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Remainders and How To Avoid Them

“Dear Author,

XYZ Press would like to inform you that your book, “Umbrella In the Horseradish,” has not performed as well as our sales projections originally estimated. As a result, all remaining copies will be remaindered.” ______________________________________________________________________

Suppose your publisher has just informed you that your book is being remaindered. What does this mean and should you be freaking out about this? Read on to find out.


A remaindered book is a book that, for one reason or another, has been slated for liquidation by a publisher. There are several reasons other than low sales volume that a book may be remaindered. These include hurts, overstocks, promotional sales, and white sales. Books that were injured in transit and returned to the publisher are nearly always remaindered. These are referred to as hurts. Sometimes a publisher will print too many copies of a book and decide to liquidate them in order to save inventory space and recover some portion of lost profits. A publisher may also intentionally mark down the price of a book to increase exposure to more readers. Many books are sold based on word-of-mouth recommendations from one reader to another. Occasionally, in the late stages of publication, a publisher may execute a flash sale of the book to help move inventory. These are called white sales.

Remaindered books are often marked by a small line of ink on the bottom of the pages of a closed book. This is typically done with a black felt marker and is easy to spot. Not all publishers adhere to this rule though. Some publishers have unique markers for a remainder copy. One such publisher is Simon & Schuster. They cleverly use their own logo as a remainder mark, making it more visually appealing for reseller customers who buy copies of the book.

The practice of remaindering is a final effort to recover manufacturing costs before destruction and is not equivalent to stripping a book. Think of remaindering more like recycling a book and giving it a second chance at life rather than being torched. Remainders are most commonly sold in massive quantities to the highest bidder. Remainders are marked down to preposterously low prices to sell copies quickly.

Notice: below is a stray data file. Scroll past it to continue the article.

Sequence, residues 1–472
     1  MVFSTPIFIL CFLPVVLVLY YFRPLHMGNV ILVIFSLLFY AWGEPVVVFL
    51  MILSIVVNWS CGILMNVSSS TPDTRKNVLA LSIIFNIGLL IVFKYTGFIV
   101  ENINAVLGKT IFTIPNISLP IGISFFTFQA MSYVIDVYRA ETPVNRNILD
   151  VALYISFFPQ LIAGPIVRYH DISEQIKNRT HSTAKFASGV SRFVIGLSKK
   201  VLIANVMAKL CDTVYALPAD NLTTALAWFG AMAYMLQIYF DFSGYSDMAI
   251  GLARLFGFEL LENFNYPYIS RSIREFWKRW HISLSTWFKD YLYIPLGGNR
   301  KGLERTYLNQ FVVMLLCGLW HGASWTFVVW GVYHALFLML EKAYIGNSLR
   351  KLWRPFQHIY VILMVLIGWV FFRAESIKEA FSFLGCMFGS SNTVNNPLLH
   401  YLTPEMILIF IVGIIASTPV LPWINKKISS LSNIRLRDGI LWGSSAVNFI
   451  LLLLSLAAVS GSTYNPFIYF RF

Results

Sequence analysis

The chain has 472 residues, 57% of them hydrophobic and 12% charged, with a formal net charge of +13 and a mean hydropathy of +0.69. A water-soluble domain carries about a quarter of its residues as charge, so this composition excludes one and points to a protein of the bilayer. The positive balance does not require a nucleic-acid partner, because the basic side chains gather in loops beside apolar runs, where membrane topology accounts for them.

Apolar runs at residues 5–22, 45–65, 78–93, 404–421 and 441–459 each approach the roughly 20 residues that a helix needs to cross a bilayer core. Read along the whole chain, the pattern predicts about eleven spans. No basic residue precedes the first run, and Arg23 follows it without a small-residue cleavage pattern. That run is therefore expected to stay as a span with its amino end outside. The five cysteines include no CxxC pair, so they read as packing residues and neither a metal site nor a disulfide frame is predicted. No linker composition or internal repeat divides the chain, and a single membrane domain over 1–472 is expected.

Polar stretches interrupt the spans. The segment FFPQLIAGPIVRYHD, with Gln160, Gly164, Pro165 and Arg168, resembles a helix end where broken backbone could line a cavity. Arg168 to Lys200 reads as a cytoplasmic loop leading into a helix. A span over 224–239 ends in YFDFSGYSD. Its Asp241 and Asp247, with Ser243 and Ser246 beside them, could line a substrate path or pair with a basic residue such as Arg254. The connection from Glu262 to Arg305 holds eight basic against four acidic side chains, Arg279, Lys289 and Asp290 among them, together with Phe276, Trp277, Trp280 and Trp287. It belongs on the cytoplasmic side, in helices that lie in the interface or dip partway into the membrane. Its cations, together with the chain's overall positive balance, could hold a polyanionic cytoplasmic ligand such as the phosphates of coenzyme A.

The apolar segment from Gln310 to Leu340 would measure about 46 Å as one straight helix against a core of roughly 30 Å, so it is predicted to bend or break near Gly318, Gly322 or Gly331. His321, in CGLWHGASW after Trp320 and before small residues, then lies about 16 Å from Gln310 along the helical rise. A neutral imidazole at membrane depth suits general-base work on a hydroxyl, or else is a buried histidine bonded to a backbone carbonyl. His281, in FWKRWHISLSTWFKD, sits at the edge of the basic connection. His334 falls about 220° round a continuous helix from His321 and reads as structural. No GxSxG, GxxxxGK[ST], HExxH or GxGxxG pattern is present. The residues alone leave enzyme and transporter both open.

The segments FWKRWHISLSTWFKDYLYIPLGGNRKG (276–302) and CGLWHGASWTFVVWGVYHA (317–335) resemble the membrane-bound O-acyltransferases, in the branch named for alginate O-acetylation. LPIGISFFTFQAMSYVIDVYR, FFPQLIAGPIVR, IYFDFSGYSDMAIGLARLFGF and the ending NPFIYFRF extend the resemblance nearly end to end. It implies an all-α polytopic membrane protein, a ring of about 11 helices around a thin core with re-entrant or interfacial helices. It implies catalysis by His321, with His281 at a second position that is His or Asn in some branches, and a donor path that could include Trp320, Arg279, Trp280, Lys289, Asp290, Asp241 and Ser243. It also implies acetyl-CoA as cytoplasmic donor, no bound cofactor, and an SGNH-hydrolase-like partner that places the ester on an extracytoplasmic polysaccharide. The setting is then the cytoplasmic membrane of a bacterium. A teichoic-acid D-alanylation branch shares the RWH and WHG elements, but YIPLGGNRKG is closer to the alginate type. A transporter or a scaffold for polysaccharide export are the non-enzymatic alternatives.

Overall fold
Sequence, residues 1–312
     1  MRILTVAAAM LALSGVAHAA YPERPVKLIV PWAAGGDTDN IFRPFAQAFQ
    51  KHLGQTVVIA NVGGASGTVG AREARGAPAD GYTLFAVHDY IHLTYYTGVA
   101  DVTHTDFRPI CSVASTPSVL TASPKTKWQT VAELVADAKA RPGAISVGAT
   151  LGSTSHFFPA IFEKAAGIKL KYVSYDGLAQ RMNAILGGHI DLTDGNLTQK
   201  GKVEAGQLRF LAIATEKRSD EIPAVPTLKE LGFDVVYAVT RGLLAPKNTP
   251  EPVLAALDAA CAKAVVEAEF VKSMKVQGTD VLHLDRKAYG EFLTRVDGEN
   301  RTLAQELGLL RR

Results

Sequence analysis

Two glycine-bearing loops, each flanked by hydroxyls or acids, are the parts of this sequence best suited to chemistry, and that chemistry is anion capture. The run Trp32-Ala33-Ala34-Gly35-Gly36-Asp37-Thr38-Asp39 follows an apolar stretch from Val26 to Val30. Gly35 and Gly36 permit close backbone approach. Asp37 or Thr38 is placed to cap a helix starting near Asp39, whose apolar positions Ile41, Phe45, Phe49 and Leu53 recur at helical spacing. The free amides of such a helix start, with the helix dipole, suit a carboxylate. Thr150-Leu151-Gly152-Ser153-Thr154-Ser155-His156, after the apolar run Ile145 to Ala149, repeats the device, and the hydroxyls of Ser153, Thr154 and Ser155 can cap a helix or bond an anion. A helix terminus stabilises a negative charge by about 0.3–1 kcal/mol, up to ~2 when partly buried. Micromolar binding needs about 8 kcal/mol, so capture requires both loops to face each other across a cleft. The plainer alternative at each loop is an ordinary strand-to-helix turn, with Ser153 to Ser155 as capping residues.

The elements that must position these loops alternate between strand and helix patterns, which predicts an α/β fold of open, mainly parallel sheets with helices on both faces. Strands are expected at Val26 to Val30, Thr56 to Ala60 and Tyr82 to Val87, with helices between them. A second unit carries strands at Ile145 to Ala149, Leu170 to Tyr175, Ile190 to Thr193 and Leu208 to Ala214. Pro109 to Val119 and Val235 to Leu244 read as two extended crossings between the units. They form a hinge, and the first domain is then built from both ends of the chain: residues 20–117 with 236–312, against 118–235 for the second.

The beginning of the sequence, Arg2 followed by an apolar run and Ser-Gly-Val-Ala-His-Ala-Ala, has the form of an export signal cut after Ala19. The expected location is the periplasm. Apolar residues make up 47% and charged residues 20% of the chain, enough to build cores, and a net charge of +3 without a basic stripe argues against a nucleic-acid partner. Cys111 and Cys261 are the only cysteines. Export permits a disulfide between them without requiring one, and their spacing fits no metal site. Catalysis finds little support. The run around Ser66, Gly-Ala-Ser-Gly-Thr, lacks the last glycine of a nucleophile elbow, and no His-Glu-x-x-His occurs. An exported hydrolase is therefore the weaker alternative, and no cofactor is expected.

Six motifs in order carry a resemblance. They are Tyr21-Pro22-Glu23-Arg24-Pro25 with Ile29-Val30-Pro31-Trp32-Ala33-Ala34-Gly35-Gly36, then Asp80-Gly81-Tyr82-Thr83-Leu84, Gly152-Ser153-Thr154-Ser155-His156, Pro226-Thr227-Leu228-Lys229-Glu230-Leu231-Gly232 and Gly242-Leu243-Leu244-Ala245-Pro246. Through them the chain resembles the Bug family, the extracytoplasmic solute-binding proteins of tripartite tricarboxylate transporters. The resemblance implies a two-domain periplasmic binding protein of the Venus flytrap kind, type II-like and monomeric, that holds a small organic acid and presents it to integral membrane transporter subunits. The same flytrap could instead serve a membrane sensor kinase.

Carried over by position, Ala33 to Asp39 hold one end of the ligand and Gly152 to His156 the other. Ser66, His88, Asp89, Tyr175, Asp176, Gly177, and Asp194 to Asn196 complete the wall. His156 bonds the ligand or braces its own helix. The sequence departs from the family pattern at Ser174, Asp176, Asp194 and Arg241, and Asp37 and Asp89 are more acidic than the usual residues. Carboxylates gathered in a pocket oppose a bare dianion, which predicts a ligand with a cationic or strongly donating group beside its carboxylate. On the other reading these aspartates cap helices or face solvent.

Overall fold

So what are indicators that it’s time to throw in the towel and mark down a book? When a book goes Out of Print it’s pretty much a guarantee that any copies left in the warehouse will be remaindered. This means that a book just didn’t perform well enough to continue manufacturing it and will only be available from the publisher by special order. A publisher may also decide to switch to Print on Demand for a particular book to clear out inventory space and save on production costs for a book that has a low sale volume. As we discussed earlier, a publisher will occasionally have a flash sale on a particular book either to boost sales or to increase author exposure. This is a great tactic used to sell more books over a longer period as books often are bought on recommendation alone.


A resourceful publisher has many ways to sidestep sunken costs that stem from the remaindering of a book. Firstly, a publisher should begin the publication of a book with Print on Demand manufacturing. By starting without a large stockpile of books, a publisher can gauge market interest without a heavy upfront investment beyond galley and promotional copies. Before remaindering a book, your publisher should be doing some serious groundwork to make sure that an author has every chance to earn a decent royalty from every sale. To do this, a publisher should individually reach out to smaller booksellers with reasonably conventional discounts. Your publisher should also be actively engaged in negotiations with non-bookseller organizations that might be interested in your type of book. (Hospitals, medical facilities, museums, libraries, gift shops, etc.) Additionally, a publisher might deploy highly publicized flash sales to reduce inventory rather than slashing prices with little effort. A good publisher is like a good lawyer. They’ll fight for you! One other thing you may not have considered is the authors themselves. Every publisher should have, in their contract, a clause that allows an author the purchase copies of their book at the manufacturing cost plus shipping and handling. This allows for an author to help effectively market their own book and also counts towards sales figures.


For an author, the idea of your book being remaindered can be a scary thought. If your book has already been remaindered then there may not be much you can do. Even with a solid effort, there’s no guarantee that you call pull your book back from the edge. This is one of the very harsh realities of authorship and publishing as a whole. So what can you, the author, do to help make sure that your book doesn’t go Out of Print / get remaindered?

First, we need to make some distinctions. It’s worth noting that while being “Out of Print” always means remaindering, the opposite isn’t necessarily true. It’s quite possible for a book to be remaindered without going Out of Print. As we mentioned earlier, a publisher may execute a partial remaindering either to promote a book or to clear out excess inventory. If you catch wind that your book is being remaindered, find out whether this is a partial or a whole remaindering before you hyperventilate. A good publisher will let you know in advance about any plans to remainder your book. When they do reach out, ask them why your book is being remaindered. If your publisher tells you that this is a partial remainder, try not to freak out. This is something that happens from time to time and generally speaking, we know what we’re doing. In fact, a short remaindering run can be a great way to create exposure for an author by making a book available at a lower price to new audiences.